30 Things You May Not Know About My Invisible Illness

Today kicks off Invisible Illness Awareness week.

All week long I will be blogging about my life as a spoonie, sharing my story and tips I’ve learned along the way. Today’s post is a meme being hosted by Invisible Illness Awareness Week.

30 Things You May Not Know About My Invisible Illness

1. The illness I live with is: Rheumatoid Arthritis (also IBS, Depression, and Anxiety)
2. I was diagnosed with it in the year: 2012
3. But I had symptoms since: It’s hard to say. I was sick often as a child, but we’re unsure if it was related. I’ve suffered from Depression and Anxiety since I was a teen.
4. The biggest adjustment I’ve had to make is: I can no longer work outside the home.
5. Most people assume: I’m lazy or that I don’t want to work. Or that I’m making it all up.
6. The hardest part about mornings are: Waking up. Even if I’m awake physically, my mind takes nearly as long to wake up as my joints take to loosen up.
7. My favorite medical TV show is: Hmm. I don’t think I have one.
8. A gadget I couldn’t live without is: My iPhone. It allows me to connect to the outside world even when I can’t hardly move from my couch.
9. The hardest part about nights are: Restlessness. There are nights that I can’t get comfortable.
10. Each day I take 10 pills & vitamins.
11. Regarding alternative treatments I: Try yoga for both exercise and the relaxation it provides.
12. If I had to choose between an invisible illness or visible I would choose: Although there are days I wish people could see what I live with, I’m vain enough that I wouldn’t want to “look sick.”
13. Regarding working and career: I sell my crafts when I can, and volunteer occasionally. But no formal work to speak of. Not anymore.
14. People would be surprised to know: That most days I can forget that I’m sick. I’ve adjusted to my new life.
15. The hardest thing to accept about my new reality has been: The limitations. I used to be pretty spontaneous. Now I live by a routine.
16. Something I never thought I could do with my illness that I did was: I made new friends.
17. The commercials about my illness: Frustrate me. They’ll never accurately portray the disease.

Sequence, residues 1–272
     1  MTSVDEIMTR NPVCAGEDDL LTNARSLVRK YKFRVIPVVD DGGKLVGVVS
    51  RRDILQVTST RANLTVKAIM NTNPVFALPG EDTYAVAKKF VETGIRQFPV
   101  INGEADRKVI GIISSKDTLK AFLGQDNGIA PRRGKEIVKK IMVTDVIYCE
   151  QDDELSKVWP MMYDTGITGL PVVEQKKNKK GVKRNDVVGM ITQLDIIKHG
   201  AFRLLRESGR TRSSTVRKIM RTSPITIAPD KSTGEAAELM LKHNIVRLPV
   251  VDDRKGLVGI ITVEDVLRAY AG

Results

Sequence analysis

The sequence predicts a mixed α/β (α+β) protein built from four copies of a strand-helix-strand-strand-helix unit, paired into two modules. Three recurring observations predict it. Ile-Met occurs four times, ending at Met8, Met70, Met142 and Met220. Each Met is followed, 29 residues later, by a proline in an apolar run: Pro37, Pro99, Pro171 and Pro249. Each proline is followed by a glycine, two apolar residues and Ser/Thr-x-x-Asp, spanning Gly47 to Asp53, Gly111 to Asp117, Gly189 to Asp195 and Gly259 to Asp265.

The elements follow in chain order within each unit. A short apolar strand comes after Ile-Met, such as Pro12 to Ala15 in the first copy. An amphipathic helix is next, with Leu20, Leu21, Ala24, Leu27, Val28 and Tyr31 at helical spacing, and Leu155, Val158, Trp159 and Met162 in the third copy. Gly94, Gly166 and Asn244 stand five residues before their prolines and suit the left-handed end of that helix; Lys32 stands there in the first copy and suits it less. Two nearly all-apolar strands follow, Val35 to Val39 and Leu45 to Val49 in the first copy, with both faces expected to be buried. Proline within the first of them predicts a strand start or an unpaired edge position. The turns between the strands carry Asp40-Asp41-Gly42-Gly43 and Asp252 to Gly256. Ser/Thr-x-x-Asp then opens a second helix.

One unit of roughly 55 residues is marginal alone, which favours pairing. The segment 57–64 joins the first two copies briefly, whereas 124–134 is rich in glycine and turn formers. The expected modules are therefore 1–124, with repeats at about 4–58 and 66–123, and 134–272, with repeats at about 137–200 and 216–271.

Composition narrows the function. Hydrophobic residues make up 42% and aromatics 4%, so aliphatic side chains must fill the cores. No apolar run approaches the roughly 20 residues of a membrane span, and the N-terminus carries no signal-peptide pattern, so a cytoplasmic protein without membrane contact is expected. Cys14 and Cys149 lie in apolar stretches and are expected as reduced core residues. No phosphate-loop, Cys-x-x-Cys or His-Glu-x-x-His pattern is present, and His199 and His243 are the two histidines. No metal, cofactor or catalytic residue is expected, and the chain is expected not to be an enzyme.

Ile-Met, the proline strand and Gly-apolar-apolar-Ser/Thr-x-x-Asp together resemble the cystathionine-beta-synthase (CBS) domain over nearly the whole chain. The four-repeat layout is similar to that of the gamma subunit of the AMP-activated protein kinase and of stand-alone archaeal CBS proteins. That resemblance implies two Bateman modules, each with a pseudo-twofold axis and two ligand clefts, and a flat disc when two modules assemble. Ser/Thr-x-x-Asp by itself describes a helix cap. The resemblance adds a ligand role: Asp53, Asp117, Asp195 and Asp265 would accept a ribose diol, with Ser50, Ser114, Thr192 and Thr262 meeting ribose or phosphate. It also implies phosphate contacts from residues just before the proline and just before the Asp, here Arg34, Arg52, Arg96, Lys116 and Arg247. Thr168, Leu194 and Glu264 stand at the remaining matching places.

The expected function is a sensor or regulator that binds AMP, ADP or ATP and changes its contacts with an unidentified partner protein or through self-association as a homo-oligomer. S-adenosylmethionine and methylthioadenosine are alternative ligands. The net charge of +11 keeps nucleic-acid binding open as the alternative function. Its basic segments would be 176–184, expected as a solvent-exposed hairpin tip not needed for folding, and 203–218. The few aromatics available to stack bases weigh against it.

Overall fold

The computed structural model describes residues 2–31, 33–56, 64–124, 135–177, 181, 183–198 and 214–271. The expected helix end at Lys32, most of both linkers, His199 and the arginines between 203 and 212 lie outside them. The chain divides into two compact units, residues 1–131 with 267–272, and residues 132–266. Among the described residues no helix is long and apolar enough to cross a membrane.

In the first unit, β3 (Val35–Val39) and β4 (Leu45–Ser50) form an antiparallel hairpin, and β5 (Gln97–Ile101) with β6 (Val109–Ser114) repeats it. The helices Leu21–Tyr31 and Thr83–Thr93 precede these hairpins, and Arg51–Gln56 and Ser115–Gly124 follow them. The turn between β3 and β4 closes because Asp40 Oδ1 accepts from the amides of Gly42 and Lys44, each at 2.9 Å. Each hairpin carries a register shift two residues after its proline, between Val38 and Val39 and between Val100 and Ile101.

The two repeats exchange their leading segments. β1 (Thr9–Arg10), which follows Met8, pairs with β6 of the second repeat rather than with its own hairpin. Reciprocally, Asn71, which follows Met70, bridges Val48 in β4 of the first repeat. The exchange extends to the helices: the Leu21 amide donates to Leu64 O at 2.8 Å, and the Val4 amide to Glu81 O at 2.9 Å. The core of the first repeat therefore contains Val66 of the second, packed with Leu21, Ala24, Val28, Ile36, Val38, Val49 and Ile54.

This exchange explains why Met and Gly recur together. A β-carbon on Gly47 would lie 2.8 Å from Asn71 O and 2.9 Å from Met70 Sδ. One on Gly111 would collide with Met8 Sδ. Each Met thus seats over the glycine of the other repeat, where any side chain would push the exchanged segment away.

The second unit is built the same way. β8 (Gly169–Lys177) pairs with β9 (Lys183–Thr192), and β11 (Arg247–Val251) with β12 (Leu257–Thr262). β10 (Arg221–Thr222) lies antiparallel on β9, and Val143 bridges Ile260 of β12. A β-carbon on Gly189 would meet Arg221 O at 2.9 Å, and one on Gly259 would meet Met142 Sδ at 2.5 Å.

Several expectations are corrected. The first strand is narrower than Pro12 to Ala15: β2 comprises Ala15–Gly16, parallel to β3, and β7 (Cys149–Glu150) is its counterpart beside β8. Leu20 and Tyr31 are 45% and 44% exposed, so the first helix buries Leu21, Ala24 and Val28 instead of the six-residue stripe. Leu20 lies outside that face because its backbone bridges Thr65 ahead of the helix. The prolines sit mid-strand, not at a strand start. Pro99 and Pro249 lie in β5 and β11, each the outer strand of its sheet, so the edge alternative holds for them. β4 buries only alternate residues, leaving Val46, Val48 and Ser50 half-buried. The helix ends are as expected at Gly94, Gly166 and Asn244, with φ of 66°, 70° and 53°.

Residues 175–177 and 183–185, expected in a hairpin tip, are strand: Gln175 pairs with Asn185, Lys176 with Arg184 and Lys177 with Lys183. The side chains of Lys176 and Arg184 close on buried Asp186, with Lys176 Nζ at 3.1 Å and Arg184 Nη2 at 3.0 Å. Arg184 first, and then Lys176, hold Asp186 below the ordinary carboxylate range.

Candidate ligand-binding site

18. Something I really miss doing since I was diagnosed is: I can no longer braid my hair.
19. It was really hard to have to give up: Milk. When RA triggered IBS, I became unable to tolerate real milk.
20. A new hobby I have taken up since my diagnosis is: I’ve rekindled my love of crafting.
21. If I could have one day of feeling normal again I would: I’d go on a long walk and eat a huge ice cream sundae.
22. My illness has taught me: That I have more strength than I ever could have imagined.
23. Want to know a secret? One thing people say that gets under my skin is: That I’m giving up or giving in to my disease when I follow doctor’s orders to rest or reduce activity.
24. But I love it when people: Surprise me with thoughtful ways of showing they care.
25. My favorite motto, scripture, quote that gets me through tough times is: Give me a place to stand and I will move the earth. (Archimedes)
26. When someone is diagnosed I’d like to tell them: It’s not as scary as it seems at first. Believe it or not, you’ll find a groove.
27. Something that has surprised me about living with an illness is: How many different side effects there are.
28. The nicest thing someone did for me when I wasn’t feeling well was: Brought me a care basket with fuzzy socks and a fleece robe.
29. I’m involved with Invisible Illness Week because: Awareness is the key to understanding. And understanding is the key to a cure.
30. The fact that you read this list makes me feel: Like maybe I’ve made a difference. If I can help one person understand, then I have.

**Over at Spoons 4 Spoonies we have a BOGO to help raise awareness. Visit our Facebook or email us at spoons4spoonies@gmail.com for more details.


One thought on “30 Things You May Not Know About My Invisible Illness

  1. I love you. When I first flared with ulcerative colitis, I got some bizarro side effect called “serionegative arthritis”, aka horrible joint pain. So I have the barest of senses for what you go through, and I am awed by your bravery.

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